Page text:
Identity Theft

image of worried young women looking at credit card and laptop

Protect your Identity from Criminals and Fraudsters:

Only give out your personal details and information where it is absolutely necessary.
Make sure you trust the person you are speaking to or dealing with.  Only give out your personal details and information where it is absolutely necessary.  NEVER give out your PAC or passwords.

Secure your passwords.
Ensure your passwords are complex and something that only you can remember.  It's also a good idea to use symbols, numbers, and a variety of upper and lowercase letters.

Destroy personal information; don’t just throw it out.
Never throw out anything that an identity thief could deem valuable.  Cut up or shred old bills, statements or cards (credit cards and debit cards).  Be sure to shred sensitive information: anything that contains account numbers, banking information, or social insurance numbers.

Monitor your accounts.
It's a good idea to review your credit union account statement at least once a month to check for fraudulent transactions.

Monitor your credit report.
This helps to ensure accuracy and to identify potential fraud. Criminals will apply for loans, mortgages, and credit cards using stolen personal information.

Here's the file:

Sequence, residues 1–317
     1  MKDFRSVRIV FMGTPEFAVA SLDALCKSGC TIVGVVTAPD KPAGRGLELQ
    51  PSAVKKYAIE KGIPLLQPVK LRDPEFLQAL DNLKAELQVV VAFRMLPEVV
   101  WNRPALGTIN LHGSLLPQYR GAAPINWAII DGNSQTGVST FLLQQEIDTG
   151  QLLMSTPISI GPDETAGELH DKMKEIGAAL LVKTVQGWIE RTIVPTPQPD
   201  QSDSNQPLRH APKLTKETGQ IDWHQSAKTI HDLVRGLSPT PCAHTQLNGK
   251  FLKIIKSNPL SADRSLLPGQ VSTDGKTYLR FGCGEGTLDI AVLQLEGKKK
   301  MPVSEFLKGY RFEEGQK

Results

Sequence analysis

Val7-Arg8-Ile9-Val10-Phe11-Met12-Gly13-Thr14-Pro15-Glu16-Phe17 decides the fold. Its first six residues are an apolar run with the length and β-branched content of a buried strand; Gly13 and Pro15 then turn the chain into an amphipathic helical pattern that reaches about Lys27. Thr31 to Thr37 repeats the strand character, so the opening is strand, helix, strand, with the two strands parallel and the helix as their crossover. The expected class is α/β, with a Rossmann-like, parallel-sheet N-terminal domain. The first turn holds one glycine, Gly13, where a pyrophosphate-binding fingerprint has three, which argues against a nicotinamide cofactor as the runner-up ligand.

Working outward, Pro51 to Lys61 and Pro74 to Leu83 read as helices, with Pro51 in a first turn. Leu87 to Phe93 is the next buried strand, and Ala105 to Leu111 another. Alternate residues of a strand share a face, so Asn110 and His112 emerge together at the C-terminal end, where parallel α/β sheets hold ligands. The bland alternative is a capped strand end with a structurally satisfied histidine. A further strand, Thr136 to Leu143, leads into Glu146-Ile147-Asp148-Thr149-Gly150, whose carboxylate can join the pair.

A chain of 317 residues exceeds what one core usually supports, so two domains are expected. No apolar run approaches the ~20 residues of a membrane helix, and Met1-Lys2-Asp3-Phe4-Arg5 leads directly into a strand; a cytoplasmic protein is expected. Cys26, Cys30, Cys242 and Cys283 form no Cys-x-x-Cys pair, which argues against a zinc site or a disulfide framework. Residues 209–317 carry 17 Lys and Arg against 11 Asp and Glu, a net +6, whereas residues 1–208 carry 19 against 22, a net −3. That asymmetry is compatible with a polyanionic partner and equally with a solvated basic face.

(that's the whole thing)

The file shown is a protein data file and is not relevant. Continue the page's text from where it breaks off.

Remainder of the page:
Don't share your SIN.
Keep your Social Insurance Number (SIN) stored in a safe place; don’t carry in your wallet or purse.

Be careful with the internet.
Cybercriminals target personal information in a different few ways, one of which is phishing. Phishing is when a cybercriminal defrauds you of sensitive information by posing as a legitimate company that you trust.  Never click a link in an email that’s asking for personal information.  Also, never handle sensitive transactions like logging into online banking when using public Wi-Fi.

What Happens When You receive a call from a  Financial Institution Asking Strange Questions To Verify Identity?

There might be a time when your financial institution or credit card provider may contact you to verify suspicious activity.  When this occurs, the company may ask about the last number of transactions that had been charged to your credit card.  Never provide or confirm personal  information to the individual who is calling from the Financial institution unless the call is expected.  A simple “yes those transactions are legitimate and are mine,” or “No those charges do not belong to me.”  At that point your provider will close the account and a new card will be issued.
If you are asked to verify your account number, date of birth or any other personal information, there is a good chance you are not being called from a legitimate financial institution and are experiencing attempted banking or identify fraud.  Never provide or confirm personal information of someone supposedly calling from a financial institution, unless the call was expected.  A simple verification of transactions by providing  a yes / no answer should be sufficient and your provider will issued another credit card.  A consumer shouldn’t confirm any information or offer any personal information over the phone.